We are naturally designed to wake up in the earlier hours of the morning. (Yes, that includes you!)
If you have trouble dragging yourself out of bed in the morning, it’s an indication that you’re somehow going against nature—in Ayurvedic understanding, that you’re going against health, that something is out of balance.
The good news is that you can reprogram your body back to its inherent biorhythm so you can wake up earlier…and actually enjoy it. Once you’re back in the swing of your natural bio-programming, waking up early truly can be easy.
Why Is It So Hard to Wake Up?
Ayurvedically speaking, the morning hours of (approximately) 6 a.m. to 10 a.m. are kapha hours of the day.
Kapha dosha is comprised of earth and mud. It has a mudlike, heavy, grounding, slow, sluggish quality. Sound a bit like how you feel when you wake up in the mornings?
If you’re waking much after 6 o’clock in the morning, you’re working against that muddy, heavy, grounded, slow, sluggishness in nature’s external environment—while you, yourself, are INTERNALLY experience muddy, heavy, grounded, slow and sluggish qualities in your body. This is not a winning combination for getting out of bed with brightness, lightness and perk!
However, from about 2 a.m. until around 6 a.m., vata dosha is more prominent in nature (internal and external). Vata dosha is wind in space, and it is naturally very mobile, active, stimulating.
If you wake up before this mobilizing vata dosha gives way to the more immobile kapha dosha, you’ll be working WITH nature—going with a natural flow of stimulation and activity in the body.
Cortisol levels—which stimulate the body into activity—also naturally peak during the early morning hours, so you’re again working with nature if you wake during this time.
How to Start Waking with the Rising Sun
Your objective, if you want to begin waking early, is to reprogram your body back to its natural biorhythm (the circadian rhythm) of harnessing the energy of the rising sun.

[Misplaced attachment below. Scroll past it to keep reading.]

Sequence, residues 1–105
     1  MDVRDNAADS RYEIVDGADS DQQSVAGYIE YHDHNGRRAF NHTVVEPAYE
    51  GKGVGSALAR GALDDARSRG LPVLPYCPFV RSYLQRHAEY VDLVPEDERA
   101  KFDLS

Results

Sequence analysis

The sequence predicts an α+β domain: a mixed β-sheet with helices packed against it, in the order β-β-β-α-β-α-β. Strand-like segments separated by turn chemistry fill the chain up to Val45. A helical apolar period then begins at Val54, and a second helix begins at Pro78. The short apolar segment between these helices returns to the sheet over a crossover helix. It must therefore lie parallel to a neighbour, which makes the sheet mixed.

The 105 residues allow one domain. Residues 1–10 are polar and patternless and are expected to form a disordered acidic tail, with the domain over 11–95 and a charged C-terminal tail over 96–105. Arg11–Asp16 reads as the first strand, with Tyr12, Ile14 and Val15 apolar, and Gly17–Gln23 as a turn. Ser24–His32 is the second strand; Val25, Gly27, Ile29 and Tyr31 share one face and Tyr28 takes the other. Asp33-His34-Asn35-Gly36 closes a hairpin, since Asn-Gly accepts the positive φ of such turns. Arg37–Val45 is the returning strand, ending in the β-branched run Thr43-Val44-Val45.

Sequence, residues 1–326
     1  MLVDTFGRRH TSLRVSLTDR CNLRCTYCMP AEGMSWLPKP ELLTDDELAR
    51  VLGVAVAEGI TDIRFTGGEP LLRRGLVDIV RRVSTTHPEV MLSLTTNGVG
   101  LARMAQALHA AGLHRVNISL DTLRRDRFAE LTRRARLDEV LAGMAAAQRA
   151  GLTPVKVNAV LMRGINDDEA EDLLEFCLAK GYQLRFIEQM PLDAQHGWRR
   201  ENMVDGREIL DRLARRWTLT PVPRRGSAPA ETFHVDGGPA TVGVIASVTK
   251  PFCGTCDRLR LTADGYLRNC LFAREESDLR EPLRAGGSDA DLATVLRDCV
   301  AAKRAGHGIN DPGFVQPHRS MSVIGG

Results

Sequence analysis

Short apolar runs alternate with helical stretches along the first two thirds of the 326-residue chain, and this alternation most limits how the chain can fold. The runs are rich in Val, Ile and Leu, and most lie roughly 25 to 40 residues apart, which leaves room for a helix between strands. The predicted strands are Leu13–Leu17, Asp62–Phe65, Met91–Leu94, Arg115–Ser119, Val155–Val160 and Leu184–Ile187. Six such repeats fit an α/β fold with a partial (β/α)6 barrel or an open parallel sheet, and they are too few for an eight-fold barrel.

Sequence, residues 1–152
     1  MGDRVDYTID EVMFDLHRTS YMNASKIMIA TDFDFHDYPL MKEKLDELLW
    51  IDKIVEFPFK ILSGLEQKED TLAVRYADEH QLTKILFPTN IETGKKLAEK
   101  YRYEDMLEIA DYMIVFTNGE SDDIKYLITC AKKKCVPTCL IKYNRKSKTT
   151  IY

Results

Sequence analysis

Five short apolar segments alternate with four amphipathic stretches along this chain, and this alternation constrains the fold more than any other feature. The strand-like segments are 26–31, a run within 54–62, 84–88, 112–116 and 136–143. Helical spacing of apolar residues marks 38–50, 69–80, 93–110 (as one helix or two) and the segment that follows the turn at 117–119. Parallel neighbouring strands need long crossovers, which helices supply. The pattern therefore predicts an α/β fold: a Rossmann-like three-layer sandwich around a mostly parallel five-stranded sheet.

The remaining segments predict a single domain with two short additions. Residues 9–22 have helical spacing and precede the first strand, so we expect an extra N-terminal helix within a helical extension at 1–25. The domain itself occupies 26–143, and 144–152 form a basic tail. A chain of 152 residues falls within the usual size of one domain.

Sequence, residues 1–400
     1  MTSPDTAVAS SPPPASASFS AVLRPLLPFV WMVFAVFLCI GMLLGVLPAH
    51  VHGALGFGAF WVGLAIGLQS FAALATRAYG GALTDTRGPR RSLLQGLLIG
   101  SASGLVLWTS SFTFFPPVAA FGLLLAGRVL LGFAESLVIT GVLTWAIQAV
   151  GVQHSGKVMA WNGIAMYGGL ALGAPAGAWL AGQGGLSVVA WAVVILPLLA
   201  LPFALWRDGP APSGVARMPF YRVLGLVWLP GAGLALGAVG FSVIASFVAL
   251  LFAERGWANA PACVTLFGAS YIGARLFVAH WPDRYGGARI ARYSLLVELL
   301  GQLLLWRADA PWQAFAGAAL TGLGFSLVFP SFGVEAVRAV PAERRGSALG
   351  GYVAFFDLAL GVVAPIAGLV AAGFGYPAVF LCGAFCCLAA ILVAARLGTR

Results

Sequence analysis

To do this, follow these few steps each night:
#1. Eat an early dinner.
Finish by around 6 p.m. or as early as possible so you don’t go to sleep with a full belly.
Sleeping on a full stomach means waking up with a bunch of undigested food in the digestive tract—a heavy, toxic sludge that serves to weigh you down.
If your belly is still actively digesting when you go to sleep, you’re also less likely to sleep well, so getting out of bed the next morning will of course be more difficult.
#2. Go to bed early.
Aim to be asleep before 10 p.m. so you’ll reap the benefits of the most rejuvenative hours of sleep of the night (first half of the night) and sleep enough hours that you don’t feel like you need to stay in bed late.
#3. Set your alarm before or at 6 a.m.
#4. Know that the first few (or many) mornings will be tough.
Mentally prepare for that. If you wake up feeling tired because your body is so accustomed to snoozing later, DON’T STAY IN BED. Instead, commit to going to bed earlier that night.
Because you’re working WITH the forces of nature when you wake early, once your body is reprogrammed to its natural biorhythm, waking up DOES get easier (even for the sleepiest late sleepers I’ve ever worked with).
#5. Garner support!
Lack of support is one of the biggest reasons people don’t stick to their health goals. There’s no need to go it alone.
You can enlist support by asking a “morning person” family member or friend to call you a few minutes after your alarm clock is set to go off. If you live in a household with others, also enlist them; if they don’t want to wake early, you can simply ask for their moral support. (Another option: see my free offer below!)
I know a lot of you reading this rely on caffeine to help kick-start yourself awake. In the next “Energy Feed” I’ll be focusing on how to kick the caffeine habit so you can wake up fresh and have stronger energy all day.